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COVID-19 treatment results published in journal ahead of NIHR-supported phase 3 trial of nebulised interferon beta

 

Positive results from the early phase trial of a new inhaled antiviral drug have today been published in the Lancet Respiratory Medicine journal. This drug is now moving into a much larger phase 3 trial of patients hospitalised with COVID-19 which is being delivered across England with support from the NIHR.

Preliminary top line results from the phase 2 trial, which was supported by the NIHR Respiratory Translational Research Collaboration (R-TRC), were previously announced in July. The full research paper: "Safety and efficacy of inhaled nebulised interferon beta-1a (SNG001) for treatment of SARS-CoV-2 infection: a randomised, double-blind, placebo-controlled, phase 2 trial” has now been published.

The respiratory drug, developed by UK biotech firm Synairgen, will now move into an international phase 3 trial which has been badged as an urgent public health research study by the Department of Health and Social Care. The trial will now be prioritised for set-up and delivery across the NHS by the NIHR Clinical Research Network over the coming months.

The phase 3 trial is expected to involve 900 participants and will take place across up to 20 NHS sites. 

Professor Tom Wilkinson, Professor of Respiratory Medicine at the University, lead author, and member of the R-TRC said:

“The results confirm our belief that interferon beta, a widely known drug approved for use in its injectable form for other indications, may have the potential as an inhaled drug to restore the lung’s immune response and accelerate recovery from COVID-19. This drug provides high, local concentrations of the immune protein which boosts lung defences rather than targeting specific viral mechanisms. This might carry additional advantages of treating COVID-19 when it occurs alongside infection by another respiratory virus such as influenza or Respiratory Syncytial Virus that may well be encountered in the winter months.”

Professor Nick Lemoine, Medical Director of the NIHR Clinical Research Network said:

“Results from early phase research into Synairgen’s respiratory treatment, SNG001, show this drug’s potential as an effective therapeutic option for Covid-19. As an urgent public health study, the phase 3 trial will now be prioritised for fast track set-up and delivery across the NHS - on a much larger scale. This will give many more UK patients the opportunity to take part and potentially benefit from this exciting new treatment, as we move into the second wave.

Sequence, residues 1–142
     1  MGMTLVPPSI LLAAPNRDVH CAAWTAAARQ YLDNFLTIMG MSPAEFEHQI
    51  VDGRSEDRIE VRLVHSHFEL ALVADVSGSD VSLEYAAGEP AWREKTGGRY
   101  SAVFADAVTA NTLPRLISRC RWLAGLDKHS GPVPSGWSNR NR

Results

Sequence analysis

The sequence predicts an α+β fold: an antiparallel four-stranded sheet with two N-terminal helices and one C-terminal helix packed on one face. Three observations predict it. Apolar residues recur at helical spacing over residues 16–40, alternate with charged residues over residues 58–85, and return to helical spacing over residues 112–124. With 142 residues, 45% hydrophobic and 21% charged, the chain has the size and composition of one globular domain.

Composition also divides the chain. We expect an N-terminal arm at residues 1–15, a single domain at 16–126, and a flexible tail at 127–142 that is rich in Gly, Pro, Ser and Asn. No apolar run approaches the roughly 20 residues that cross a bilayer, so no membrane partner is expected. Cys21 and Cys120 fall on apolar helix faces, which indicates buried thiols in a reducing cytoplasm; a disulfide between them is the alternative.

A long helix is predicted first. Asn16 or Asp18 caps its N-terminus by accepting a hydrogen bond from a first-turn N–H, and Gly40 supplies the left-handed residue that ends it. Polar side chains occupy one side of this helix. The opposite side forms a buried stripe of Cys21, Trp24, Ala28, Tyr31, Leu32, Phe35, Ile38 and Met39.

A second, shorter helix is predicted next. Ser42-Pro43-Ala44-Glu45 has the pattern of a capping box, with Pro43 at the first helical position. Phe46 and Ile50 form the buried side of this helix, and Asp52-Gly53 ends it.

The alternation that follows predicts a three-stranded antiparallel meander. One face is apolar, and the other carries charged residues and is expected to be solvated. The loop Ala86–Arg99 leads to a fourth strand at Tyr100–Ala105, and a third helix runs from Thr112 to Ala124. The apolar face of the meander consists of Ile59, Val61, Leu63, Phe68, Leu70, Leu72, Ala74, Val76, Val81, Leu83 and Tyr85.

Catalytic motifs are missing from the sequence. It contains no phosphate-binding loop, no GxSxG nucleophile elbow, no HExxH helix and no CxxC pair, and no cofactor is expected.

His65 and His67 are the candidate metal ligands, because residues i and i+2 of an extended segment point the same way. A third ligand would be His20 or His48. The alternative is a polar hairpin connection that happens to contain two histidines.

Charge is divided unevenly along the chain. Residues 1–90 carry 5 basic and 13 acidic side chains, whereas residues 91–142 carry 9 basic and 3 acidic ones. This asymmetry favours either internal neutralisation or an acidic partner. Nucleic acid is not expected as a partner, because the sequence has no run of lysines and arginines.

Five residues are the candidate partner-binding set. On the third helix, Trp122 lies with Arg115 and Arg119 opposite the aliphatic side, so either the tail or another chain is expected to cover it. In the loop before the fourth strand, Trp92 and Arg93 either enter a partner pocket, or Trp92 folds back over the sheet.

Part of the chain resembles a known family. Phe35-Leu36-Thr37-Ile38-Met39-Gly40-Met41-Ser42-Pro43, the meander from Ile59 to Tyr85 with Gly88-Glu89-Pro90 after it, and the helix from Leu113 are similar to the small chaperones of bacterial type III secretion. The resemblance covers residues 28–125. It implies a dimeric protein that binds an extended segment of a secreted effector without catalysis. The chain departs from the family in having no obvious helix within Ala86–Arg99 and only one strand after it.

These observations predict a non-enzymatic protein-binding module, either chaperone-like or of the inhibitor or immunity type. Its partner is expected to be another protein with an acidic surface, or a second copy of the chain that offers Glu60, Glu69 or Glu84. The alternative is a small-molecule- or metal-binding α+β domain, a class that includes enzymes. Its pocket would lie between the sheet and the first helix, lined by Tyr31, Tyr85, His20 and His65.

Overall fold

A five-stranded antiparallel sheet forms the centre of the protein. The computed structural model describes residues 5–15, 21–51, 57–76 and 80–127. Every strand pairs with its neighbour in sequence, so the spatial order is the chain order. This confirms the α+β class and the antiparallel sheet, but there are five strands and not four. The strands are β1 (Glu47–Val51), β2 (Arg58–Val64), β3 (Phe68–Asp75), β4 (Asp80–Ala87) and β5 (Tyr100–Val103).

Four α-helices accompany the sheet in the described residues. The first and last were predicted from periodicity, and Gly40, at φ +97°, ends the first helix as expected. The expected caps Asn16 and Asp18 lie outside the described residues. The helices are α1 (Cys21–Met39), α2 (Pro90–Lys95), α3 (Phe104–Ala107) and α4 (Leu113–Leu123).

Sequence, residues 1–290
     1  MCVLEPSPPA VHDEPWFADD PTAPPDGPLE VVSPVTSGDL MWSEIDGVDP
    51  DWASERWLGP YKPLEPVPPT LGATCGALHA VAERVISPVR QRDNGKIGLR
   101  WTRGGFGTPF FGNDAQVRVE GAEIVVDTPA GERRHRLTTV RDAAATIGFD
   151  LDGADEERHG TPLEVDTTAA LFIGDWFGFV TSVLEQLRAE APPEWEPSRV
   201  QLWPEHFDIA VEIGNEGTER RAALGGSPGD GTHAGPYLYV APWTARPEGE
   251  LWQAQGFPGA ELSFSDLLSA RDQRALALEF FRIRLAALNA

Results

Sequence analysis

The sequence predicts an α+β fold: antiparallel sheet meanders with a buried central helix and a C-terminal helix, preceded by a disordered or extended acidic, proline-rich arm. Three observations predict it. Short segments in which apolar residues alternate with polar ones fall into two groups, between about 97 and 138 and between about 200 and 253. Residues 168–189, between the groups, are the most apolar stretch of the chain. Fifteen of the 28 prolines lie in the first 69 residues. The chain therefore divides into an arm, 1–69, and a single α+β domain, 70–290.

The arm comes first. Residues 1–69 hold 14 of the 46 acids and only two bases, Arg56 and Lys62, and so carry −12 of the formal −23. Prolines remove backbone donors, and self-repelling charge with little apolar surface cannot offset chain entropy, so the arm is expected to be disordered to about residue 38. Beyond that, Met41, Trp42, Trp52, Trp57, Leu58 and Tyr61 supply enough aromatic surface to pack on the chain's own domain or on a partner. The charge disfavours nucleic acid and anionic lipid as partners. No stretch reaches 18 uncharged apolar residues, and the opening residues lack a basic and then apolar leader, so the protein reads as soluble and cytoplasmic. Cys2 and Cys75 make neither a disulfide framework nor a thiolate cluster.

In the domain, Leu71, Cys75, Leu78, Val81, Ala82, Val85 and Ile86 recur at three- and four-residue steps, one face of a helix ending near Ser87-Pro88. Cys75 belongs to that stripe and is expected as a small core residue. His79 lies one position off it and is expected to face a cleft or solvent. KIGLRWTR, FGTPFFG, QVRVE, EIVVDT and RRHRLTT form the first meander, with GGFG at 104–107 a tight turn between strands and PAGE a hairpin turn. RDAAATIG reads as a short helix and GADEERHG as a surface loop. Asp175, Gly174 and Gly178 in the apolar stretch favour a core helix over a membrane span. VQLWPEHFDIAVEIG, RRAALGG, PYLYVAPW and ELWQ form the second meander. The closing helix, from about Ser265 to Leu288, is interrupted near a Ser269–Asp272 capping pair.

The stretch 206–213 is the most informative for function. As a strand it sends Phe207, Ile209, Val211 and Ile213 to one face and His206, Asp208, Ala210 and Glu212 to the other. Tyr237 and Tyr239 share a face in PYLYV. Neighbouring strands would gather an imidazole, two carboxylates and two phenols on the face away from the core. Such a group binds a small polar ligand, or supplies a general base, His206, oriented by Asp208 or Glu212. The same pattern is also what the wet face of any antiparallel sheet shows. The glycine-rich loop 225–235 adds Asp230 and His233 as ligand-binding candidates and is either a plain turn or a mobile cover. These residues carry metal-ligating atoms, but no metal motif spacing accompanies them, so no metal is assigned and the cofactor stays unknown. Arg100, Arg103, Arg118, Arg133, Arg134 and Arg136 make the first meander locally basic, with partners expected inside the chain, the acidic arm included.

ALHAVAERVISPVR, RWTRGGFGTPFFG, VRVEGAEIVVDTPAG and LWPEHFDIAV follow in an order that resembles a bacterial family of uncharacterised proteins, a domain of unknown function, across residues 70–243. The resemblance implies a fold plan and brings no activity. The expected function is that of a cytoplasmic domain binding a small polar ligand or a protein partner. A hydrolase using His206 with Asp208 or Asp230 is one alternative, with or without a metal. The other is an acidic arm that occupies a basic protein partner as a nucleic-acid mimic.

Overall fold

“NIHR-supported research has already given the world the first proven treatments against this new disease. We are pleased to further support the incredible innovation emanating from the UK by delivering this large-scale trial of a Covid-19 drug developed by Synairgen - a UK biotech firm.”

Read more about NIHR COVID-19 research

Finally, Richard Marsden, Chief Executive of Synairgen said:

“So far on our journey, with NIHR support, we have been able to generate very promising phase 2 data in the hospital setting, which we aim to replicate in phase 3. We are also working to generate data in ‘at risk’ patients in the home environment, and we are also assessing the possibility of an exploratory trial in ventilated patients who persistently shed virus.

“The UK clinical research infrastructure enables us to function as we do. The cocktail of the academic world, NIHR and Clinical Research Network, the HRA, MHRA, MRC, Wellcome Trust, the investment community - the list is long - all of this creates an environment for innovative research. There is no guarantee of success but there is no chance of success unless the possible is enabled. If we are ultimately successful in developing SNG001 and making it widely available then it needs to be recognized as a successful British story.”

If you would like to hear more about the role the NIHR R-TRC has played in co-ordinating the phase 2 trial of SNG001 and other trials during the COVID-19 pandemic, please join our webinar on 30 November. Registration page and details.